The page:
Insurers charge women $1 billion more in health insurance costs than men, according to a report released Monday by the National Women's Law Center (NWLC). Although the health reform law will prohibit this gender-rating practice, the report found that insurers haven't taken any steps to help reduce the discrepancies, according to The New York Times. In fact, more than 90 percent of the best-selling health plans charge women more than men. Humana, for example, charges a 40-year-old nonsmoking woman $196 a month, that is, 53 percent more than the $128 it charges a 40-year-old nonsmoking man.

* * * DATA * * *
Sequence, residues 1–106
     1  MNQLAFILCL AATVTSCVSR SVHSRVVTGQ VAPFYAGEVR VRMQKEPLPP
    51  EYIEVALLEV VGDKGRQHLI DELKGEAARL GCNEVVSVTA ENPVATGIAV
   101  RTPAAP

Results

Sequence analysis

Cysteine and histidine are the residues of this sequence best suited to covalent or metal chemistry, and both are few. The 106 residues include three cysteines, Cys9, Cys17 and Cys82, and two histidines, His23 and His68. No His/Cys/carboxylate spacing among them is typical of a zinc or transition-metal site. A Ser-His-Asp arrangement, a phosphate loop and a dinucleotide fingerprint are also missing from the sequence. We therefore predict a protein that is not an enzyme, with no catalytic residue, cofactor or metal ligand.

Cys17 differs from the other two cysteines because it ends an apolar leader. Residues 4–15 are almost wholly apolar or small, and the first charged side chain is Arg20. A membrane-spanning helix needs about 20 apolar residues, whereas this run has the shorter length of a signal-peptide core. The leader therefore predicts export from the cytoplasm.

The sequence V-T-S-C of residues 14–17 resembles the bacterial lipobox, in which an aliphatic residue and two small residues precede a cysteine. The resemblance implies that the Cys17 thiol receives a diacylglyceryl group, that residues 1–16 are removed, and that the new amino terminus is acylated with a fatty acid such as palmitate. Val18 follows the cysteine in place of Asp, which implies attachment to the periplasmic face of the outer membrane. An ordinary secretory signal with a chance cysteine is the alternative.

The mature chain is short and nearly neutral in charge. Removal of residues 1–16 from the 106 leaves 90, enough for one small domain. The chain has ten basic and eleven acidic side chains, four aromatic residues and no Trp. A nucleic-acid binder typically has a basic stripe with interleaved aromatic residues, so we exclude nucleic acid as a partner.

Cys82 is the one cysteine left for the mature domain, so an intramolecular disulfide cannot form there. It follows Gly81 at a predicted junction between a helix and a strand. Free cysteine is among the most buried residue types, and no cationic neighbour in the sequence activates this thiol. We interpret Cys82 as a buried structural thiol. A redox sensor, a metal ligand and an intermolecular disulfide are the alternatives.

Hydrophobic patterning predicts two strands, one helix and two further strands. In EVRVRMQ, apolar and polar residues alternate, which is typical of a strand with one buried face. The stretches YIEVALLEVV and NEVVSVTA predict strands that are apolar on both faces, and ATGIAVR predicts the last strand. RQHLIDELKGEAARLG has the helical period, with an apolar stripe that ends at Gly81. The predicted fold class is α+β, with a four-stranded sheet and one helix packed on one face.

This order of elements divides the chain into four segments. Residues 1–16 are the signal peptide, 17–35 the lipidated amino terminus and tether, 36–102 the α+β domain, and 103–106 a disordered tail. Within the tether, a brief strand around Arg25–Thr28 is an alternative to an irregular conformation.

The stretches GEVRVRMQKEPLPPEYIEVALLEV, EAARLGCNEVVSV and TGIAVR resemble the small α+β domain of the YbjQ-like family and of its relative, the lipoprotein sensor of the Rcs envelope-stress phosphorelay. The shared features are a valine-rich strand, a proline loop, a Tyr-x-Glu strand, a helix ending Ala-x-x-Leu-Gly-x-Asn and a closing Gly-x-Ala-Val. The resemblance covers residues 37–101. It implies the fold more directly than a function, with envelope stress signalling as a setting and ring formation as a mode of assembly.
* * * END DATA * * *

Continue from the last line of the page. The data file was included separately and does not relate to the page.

Insurers claim they gender rate policies because women ages 19 to 55 use more healthcare services, including doctor visits, prescription medications and treatments for chronic illnesses, than men. However, NWLC President Marcia Greenberger said insurers' gender rating justification is "highly questionable" because disparities vary greatly among insurers. "In Arkansas, for example, one health plan charges 25-year-old women 81 percent more than men, while a similar plan in the same state charges women only 10 percent more," she told the Times. Article